--J. R. R. Tolkien, Letters, #306.

Wednesday, June 5, 2013

"If You Think Virtue Is Langour, Just Try It And See"

"We have remarked that one reason offered for being a progressive is that things naturally tend to grow better. But the only real reason for being a progressive is that things naturally tend to grow worse. The corruption in things is not only the best argument for being progressive; it is also the only argument against being conservative. The conservative theory would really be quite sweeping and unanswerable if it were not for this one fact. But all conservatism is based upon the idea that if you leave things alone you leave them as they are. But you do not. If you leave a thing alone you leave it to a torrent of change. If you leave a white post alone it will soon be a black post. If you particularly want it to be white you must be always painting it again; that is, you must be always having a revolution. Briefly, if you want the old white post you must have a new white post. But this which is true even of inanimate things is in a quite special and terrible sense true of all human things. An almost unnatural vigilance is really required of the citizen because of the horrible rapidity with which human institutions grow old. It is the custom in passing romance and journalism to talk of men suffering under old tyrannies. But, as a fact, men have almost always suffered under new tyrannies; under tyrannies that had been public liberties hardly twenty years before. Thus England went mad with joy over the patriotic monarchy of Elizabeth; and then (almost immediately afterwards) went mad with rage in the trap of the tyranny of Charles the First. So, again, in France the monarchy became intolerable, not just after it had been tolerated, but just after it had been adored. The son of Louis the well-beloved was Louis the guillotined. So in the same way in England in the nineteenth century the Radical manufacturer was entirely trusted as a mere tribune of the people, until suddenly we heard the cry of the Socialist that he was a tyrant eating the people like bread. So again, we have almost up to the last instant trusted the newspapers as organs of public opinion. Just recently some of us have seen (not slowly, but with a start) that they are obviously nothing of the kind. They are, by the nature of the case, the hobbies of a few rich men. We have not any need to rebel against antiquity; we have to rebel against novelty."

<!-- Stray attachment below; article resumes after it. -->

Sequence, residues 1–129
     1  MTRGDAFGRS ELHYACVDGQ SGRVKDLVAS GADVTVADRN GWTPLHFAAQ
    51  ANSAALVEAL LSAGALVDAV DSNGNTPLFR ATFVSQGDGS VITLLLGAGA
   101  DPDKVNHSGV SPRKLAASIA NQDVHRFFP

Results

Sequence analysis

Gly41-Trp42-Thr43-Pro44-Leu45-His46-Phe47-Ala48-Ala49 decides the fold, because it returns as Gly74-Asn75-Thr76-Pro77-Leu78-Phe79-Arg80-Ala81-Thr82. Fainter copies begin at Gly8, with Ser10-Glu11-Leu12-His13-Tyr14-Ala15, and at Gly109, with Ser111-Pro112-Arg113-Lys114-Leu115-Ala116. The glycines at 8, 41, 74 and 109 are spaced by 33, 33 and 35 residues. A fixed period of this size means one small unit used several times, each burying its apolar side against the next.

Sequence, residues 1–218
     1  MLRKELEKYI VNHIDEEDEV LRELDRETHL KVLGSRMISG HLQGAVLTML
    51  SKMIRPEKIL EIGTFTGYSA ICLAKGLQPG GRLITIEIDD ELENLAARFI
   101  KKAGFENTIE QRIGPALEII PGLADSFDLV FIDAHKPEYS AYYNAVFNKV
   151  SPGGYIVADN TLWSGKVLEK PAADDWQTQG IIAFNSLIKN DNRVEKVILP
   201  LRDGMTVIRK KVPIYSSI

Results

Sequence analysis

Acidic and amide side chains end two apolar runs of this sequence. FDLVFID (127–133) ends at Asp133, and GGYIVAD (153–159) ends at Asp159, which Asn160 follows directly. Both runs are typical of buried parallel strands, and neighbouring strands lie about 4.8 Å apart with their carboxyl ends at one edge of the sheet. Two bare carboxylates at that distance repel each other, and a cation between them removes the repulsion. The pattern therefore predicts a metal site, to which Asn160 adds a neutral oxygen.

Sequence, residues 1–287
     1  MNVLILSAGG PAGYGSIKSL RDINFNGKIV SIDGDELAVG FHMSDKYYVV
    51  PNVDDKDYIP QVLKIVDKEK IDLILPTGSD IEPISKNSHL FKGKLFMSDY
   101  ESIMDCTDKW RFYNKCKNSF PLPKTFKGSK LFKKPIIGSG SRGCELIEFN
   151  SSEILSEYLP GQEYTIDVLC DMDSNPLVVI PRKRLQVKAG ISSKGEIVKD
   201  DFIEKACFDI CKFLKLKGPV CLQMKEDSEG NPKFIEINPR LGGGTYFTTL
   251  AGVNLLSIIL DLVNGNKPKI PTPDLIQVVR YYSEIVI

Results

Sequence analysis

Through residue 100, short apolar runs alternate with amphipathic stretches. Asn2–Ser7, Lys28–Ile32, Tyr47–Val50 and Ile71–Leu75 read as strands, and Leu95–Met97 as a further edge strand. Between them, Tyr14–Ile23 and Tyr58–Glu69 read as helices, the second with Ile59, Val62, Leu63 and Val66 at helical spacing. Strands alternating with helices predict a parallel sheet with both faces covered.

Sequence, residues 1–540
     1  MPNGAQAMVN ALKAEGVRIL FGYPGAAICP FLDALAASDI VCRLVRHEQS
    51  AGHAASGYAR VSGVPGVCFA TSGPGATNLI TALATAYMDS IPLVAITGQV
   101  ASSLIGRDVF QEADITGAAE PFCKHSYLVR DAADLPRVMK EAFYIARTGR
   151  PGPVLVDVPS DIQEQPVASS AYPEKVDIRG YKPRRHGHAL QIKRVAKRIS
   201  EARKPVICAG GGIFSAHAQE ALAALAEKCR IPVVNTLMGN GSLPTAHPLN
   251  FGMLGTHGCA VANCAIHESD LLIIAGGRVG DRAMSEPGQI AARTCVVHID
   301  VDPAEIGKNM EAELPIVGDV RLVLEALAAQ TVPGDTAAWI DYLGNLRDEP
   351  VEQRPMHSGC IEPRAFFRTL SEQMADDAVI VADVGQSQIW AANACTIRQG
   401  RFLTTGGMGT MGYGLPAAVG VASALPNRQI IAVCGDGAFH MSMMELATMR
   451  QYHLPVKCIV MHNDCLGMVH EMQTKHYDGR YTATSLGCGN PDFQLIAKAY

--from Orthodoxy, by G. K. Chesterton.

Tuesday, June 4, 2013

Tolkien's Books

I just came upon this picture of J. R. R. Tolkien (which I, too, had never seen before) at , and I believe I can answer his question. From the looks of it, Tolkien is taking a book down from some shelves dedicated to different foreign editions of his works, and from the tiny picture on the back I can identify it as the Portuguese version of The Hobbit, illustrated by Antonio Quadros, and titled (in 1962) O gnomo (though later Portuguese editions from 1976 on re-title it O Hobbit).

Monday, June 3, 2013

Casting A Gentle Eye

"Do not fear death. Death is always at our side. When we show fear, it jumps at us faster than light, but if we do not show fear, it casts its eye upon us gently and then guides us into infinity..." --Laughing Bull, "The Real Folk Blues," Cowboy Bebop.

Sunday, June 2, 2013

G. K. Chesterton on The Ouija Board

"My brother and I used to play with planchette, or what the Americans
call the ouija board; but we were among the few, I imagine, who played
in a mere spirit of play. Nevertheless I would not altogether
rule out the suggestion of some that we were playing with fire;
or even with hell-fire. In the words that were written for us there
was nothing ostensibly degrading, but any amount that was deceiving.
I saw quite enough of the thing to be able to testify, with complete
certainty, that something happens which is not in the ordinary
sense natural, or produced by the normal and conscious human will.
Whether it is produced by some subconscious but still human force,
or by some powers, good, bad or indifferent, which are external
to humanity, I would not myself attempt to decide. The only thing I
will say with complete confidence, about that mystic and invisible power,
is that it tells lies. The lies may be larks or they may be lures
to the imperilled soul or they may be a thousand other things;
but whatever they are, they are not truths about the other world;
or for that matter about this world."